Is James Holmes psychotic?

In the wake of James Holmes’ shooting frenzy in Aurora, which left twelve people dead and at least 58 injured, arguments have already begun about his state of mind, and more specifically whether he is mentally ill or not.  Interestingly, part of the argument seems to hinge on whether a psychotic individual could have planned and orchestrated such an attack in the way that Holmes did.  For example, Rhys Blakely in a Times article today cites police saying that Holmes showed ‘”calculation and deliberation” in planning the attack – which, according to Blakely, ‘appears to preclude insanity.’1

This has very strong echoes with the Anders Breivik shootings, which by an eerie twist of fate, happened almost a year ago to the day that Holmes went on the rampage.  Psychiatrists were divided over whether Breivik could be diagnosed as psychotic, and one of the areas of dispute related to whether or not a psychotic individual was able to plan and execute what was effectively a small scale military or terrorist type operation.  Furthermore, Breivik was attempting to justify his actions in terms of a particular, far right ideology.  Again, there seemed to be disagreement about whether a psychotic person could hold and articulate such beliefs.

We’ve yet to find out whether Holmes adhered to a particular set of beliefs.  We do know he said he was the Joker (Batman’s nemesis) when he was arrested.  Whether he had studied the Batman comics and graphic novels we will undoubtedly discover in due course.  We do know that he not only acquired a semi-automatic assault rifle, a pump action shot gun and two pistols, and a vast quantity of ammunition, but also bobby trapped his apartment.  He also must have acquired body armour, a gas mask and gas grenades.  In other words this was a premeditated act.  Does this mean that therefore he must have been sane?  In other words, are we really suggesting a psychotic individual could not have managed this level of forward planning?

Actually, I think there is a very good case for arguing that it is precisely because Holmes is psychotic that he was able to plan and execute this terrible act.  Not, however, psychotic in the sense of someone who is in the middle of a florid psychotic episode so they are totally confused, are very possibly hallucinating, unable to string two thoughts together, and so on.  This is the ‘pop psychiatry’ version of psychosis, which seems to have gripped the public imagination, and is most often associated with schizophrenia.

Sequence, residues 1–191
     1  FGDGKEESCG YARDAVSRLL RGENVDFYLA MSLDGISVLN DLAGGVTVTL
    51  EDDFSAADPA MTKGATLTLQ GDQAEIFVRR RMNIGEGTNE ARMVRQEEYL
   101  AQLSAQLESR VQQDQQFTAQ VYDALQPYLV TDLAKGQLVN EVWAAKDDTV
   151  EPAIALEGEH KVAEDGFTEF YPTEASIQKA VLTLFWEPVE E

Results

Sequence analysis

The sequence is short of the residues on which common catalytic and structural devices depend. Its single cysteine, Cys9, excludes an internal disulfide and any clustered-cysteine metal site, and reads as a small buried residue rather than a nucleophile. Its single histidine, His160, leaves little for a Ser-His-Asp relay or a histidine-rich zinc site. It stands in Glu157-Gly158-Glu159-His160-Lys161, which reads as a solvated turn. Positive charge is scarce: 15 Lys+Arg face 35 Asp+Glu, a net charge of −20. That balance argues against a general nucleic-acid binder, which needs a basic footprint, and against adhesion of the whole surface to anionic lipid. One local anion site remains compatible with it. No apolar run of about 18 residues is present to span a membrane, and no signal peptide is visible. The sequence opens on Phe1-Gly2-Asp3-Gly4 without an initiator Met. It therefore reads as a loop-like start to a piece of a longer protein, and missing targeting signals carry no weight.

However, within the Lacanian tradition of psychoanalysis, psychosis is much more than schizophrenia – or, more precisely, schizophrenia is just one of the psychoses.  Lacan was a psychiatrist before he turned to psychoanalysis and had a particular interest in paranoia, another of the psychoses.  In fact he wrote his doctoral dissertation on a case of paranoia, and later on devoted one of his early seminars to the subject of psychosis, again focusing on paranoia.2

One of the characteristics of  paranoid individuals is that they often go to great lengths to construct a delusional system in order to effect some degree of stability in their lives.  And it is sometimes hard to tell the difference between such delusional systems and many popular ideologies and other belief systems.   Another characteristic of paranoid individuals is absolute certainty, which is linked closely to their delusional system.  In other words, they have no doubts about the truth of their beliefs.  And there appear to be a great many very successful people, often in very powerful positions within business, politics, academia, and so on, who are totally convinced of the truth of their beliefs, even when surrounded by evidence to the contrary.

This leads me to another point: not only can paranoid individuals adhere to and express complex belief systems, they are also quite capable of acting in a very rational and calculating manner, often at the expense of other people.    This is why they can be very successful in their chosen field. Again, both Holmes and Breivik seem to fit this profile perfectly.  At the same time, paranoid individuals often feel threatened and persecuted: for them, the world is a frightening and evil place.  There is a flaw in the fabric of reality – and it is out there, somewhere in the world.  For Breivik it was the spread of Islam and cultural Marxism into western civilisation.  Perhaps Holmes also thought there was a flaw in reality: after all, the Batman narrative is one full of such threats, full of the corruption of the world.

And finally, paranoid individuals realise that it is their mission, their destiny, to save the world from its flaws, its corruption.  Breivik saw it as his mission to wipe out the future leaders of Norway (the students attending the Labour camp on Utoeya) who would, in his eyes, continue to propagate the ideas of cultural Marxism.   Maybe Holmes thought of modern day America as Gotham City writ large and saw it as his mission to cleanse it of all its evil and corruption.

Of course, at this point is could be argued that it is Batman who is out to save Gotham City, not the Joker.   However, as I said before, we have yet to gain a real insight into Holmes’ world.  My money is still on psychosis….

  1. Blakely, R. (2012) Police fight insanity plan for Batman killer. The Times, p.7. []
  2. Lacan, J. (1993) The Seminar of Jacques Lacan: Book III 1955-1956 The Psychoses. London, Routledge. []

Leave a Reply

Your email address will not be published. Required fields are marked *